A Fine Line: Curator's Notes, by Penny Siopis

A Fine Line | Colin Richards | Curated by Penny Siopis | Origins Centre | 16 August-2 September


Curator’s Notes

A Fine Line is an exhibition of works by Colin Richards (1954-2012) which meditates on the relationship between Richards’s early career as a medical illustrator and his later practice as a fine artist of exceptional repute. Placed in dialogue with one another, these interweaving bodies of work suggest something of Richards’s remarkable talent in both fields of line-making. Richards himself gave careful thought to the effects on his evolving practice of these two careers. Reflecting on the connection he came to perceive between the demands of scientific drawing and the formalist art training of his day, Richards writes that in both cases ‘to be “professional” was to be distant, dispassionate; in a sense, not fully human, but technically in control’. A Fine Line attests to Richards’s lifelong endeavor to redefine professional life as a rigorous intellectual and practical commitment both to technical excellence and to the humanistic values for which he became so well-known and admired.

Presented by the Origins Centre, A Fine Line forms part of a wider foray at the University of the Witwatersrand into the field of Medical Humanities, and is particularly associated with an international conference entitled Body Knowledge: Medicine and the Humanities in Conversation, hosted by WiSER. Guided by the rubric of this fertile dialogue across disciplines, I have chosen to focus on Richards’s abiding creative and critical concern with illustration as a paradigm that is capable of bringing together distinct bodies of knowledge and spheres of scholarship. Richards saw illustration as ‘a hinge between the visual and the linguistic, which could turn in many ways’. It is this idea of a hinge – which connects and which can open, close and pivot – that informs my curatorial eye in this exhibition.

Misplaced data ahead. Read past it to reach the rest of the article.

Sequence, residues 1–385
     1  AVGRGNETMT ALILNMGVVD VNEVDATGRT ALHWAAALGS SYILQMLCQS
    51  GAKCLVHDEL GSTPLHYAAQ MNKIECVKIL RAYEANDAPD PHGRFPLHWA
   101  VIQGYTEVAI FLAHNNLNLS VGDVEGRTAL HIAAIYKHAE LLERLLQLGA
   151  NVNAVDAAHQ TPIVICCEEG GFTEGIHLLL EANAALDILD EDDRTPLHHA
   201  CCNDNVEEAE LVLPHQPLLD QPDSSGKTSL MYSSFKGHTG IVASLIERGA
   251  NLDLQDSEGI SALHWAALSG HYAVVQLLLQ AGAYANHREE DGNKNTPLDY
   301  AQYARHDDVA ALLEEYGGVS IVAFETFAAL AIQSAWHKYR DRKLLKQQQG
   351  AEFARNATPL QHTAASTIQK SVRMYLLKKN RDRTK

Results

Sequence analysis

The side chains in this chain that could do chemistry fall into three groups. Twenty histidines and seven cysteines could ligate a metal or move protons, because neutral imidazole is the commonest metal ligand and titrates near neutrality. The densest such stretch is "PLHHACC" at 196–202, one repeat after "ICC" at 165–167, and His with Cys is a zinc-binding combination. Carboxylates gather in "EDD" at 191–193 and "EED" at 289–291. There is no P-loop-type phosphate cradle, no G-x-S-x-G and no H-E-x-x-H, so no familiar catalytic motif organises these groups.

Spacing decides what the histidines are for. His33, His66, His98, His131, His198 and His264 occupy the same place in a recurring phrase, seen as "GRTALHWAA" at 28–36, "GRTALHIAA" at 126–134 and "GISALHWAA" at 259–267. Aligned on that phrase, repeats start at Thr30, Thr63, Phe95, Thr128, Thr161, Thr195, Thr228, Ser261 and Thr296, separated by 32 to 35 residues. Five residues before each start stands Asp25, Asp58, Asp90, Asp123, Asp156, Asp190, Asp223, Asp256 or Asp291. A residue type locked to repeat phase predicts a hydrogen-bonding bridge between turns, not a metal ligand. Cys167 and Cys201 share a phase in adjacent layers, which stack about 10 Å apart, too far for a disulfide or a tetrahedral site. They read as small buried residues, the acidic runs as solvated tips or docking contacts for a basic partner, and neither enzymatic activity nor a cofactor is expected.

For me, the hinge is both a line that connects different dimensions of Richards’s oeuvre as well as a flexible mechanism which enables us to place these different elements in creative relationship with one another. The fineness of the line emphasized by the title of the exhibition invokes both the subtlety of Richards’s line of thinking across disciplines as well as the exquisitely delicate lines of his drawing. For Richards, the line was a capacious idea as much as it was the foundation of his creative practice: the line includes and separates; it is inside and outside of its delineations; it connects and transforms; it creates illusions even as it reveals ‘truths’.

The line was also, in Richards’s practice, a way of working through an idea or an experience: this is evident in his meticulous and labour intensive process of shaping form through an intense build-up of minute lines in ink or watercolour or cut-out strips of found text. The exhibition illustrates in its cabinet display of Richards’s notebooks as well as in its hung images how central the idea of the line as a line/lines of text was to Richards’s concept of the accretion of meaning.